Libyan football fans everywhere will be glued to their screens on 3 June when the national team takes on Togo in their opening African Zone qualifier for the 2014 FIFA World Cup Brazil™. And they will be desperate for a positive result as their side aim to secure a maiden appearance at world football’s showpiece event.
A surprisingly strong showing at the 2012 CAF Africa Cup of Nation at the turn of the year allowed Libya to climb to 46th place in the FIFA/Coca-Cola World Ranking – the highest position in the team’s history. That in turn has led to a belief in some quarters that the Mediterranean Knights will very soon shed their status as the only North African nation never to have competed at a World Cup finals.
With the Libyan championship at a standstill, more than 70 per cent of our players are based abroad, which means that friendly matches are essential.
Libya impressed at the 2012 Cup of Nations despite their first-round exit, most notably with a 2-1 win over West African powers Senegal, their first victory in the tournament outside their own country. Their other results were a 2-2 draw against Zambia and a narrow 1-0 defeat by co-hosts Equatorial Guinea. This was not enough to take the Libyans beyond the first round, however, and it was Equatorial Guinea and eventual champions Zambia who progressed.
Libya’s performances at the 2012 Cup of Nations are all the more impressive considering the delicate situation in the country since the revolution of February 2011, which brought an end to the Gaddafi regime and led to all football activity in the country being suspended.
Defying the oddsAt the beginning of the month Libya went to Egypt for a training camp, during which they played several friendly matches against local sides and the national team, to whom they lost 4-0. From Egypt the Mediterranean Knights travelled to Tunisia, where they recorded a dominant 2-0 win over Rwanda thanks to goals from Khalifa Qereira and Mohamed El Mughrby. They then rounded off their warm-up schedule with a 1-0 victory over Chad, Walid Sebaeie providing the winner.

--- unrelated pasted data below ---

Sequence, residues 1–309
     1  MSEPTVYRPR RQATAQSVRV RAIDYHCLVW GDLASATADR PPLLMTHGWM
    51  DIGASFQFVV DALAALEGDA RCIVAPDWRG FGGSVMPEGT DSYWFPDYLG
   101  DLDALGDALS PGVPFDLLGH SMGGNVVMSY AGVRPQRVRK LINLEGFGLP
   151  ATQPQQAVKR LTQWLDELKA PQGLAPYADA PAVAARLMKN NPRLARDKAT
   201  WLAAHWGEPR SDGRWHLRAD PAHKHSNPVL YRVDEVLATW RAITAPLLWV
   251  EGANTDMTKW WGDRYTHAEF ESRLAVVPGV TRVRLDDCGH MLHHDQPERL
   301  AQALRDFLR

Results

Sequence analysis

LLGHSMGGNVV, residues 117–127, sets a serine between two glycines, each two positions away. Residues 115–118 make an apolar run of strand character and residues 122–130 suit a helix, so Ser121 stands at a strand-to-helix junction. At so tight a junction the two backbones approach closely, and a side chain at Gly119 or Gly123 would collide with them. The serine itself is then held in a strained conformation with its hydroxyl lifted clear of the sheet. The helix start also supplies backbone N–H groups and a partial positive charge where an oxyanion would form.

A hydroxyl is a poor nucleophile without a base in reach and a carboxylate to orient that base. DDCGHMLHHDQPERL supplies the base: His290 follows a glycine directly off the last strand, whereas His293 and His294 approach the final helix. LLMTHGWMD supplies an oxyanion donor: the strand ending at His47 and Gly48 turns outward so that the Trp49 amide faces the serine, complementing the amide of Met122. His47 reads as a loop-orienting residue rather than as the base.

Abdelhafid Rabish, who took over from Brazilian coach Marcos Paqueta in March, emphasised the importance of his side’s recent friendly matches. “The suspension of the league and all the local competitions has made our preparations even more difficult, but the training camp in Egypt has allowed us to improve our physical condition,” said Rabish. “The matches in Tunisia enabled the professional players to join up with us. With the Libyan championship at a standstill, more than 70 per cent of our players are based abroad, which means that friendly matches are essential.”
Libya’s friendly against Rwanda gave Manchester City’s Ahmad Benali his first run-out with the national team, and his debut was nothing if not impressive. Fans are also looking forward to welcoming back Eamon Zayed, who helped Persepolis reach the last 16 of the 2012 AFC Champions League. Zayad scored five times in the competition and finished second in the scoring charts.
The African Zone qualifying draw for the 2014 finals in Brazil 2014 put Libya in Group I, alongside Congo DR, Cameroon and Togo. For security reasons, their second match, against Cameroon on 10 June, will be played behind closed doors in the Tunisian city of Sfax.
The group will no doubt remind Libyan fans of the final round of preliminaries for the 2002 FIFA World Cup Korea/Japan, when their team was drawn in Group A with Cameroon, Togo, Angola and Zambia. Libya finished bottom on that occasion, their only points coming courtesy of a 3-3 draw with Togo and a 1-1 stalemate against Angola.
So, can the Mediterranean Knights harness the current positive feeling and make history, despite the political situation off the pitch? Will the Arab Spring bring them luck? The answer to those questions will become clearer on 3 June.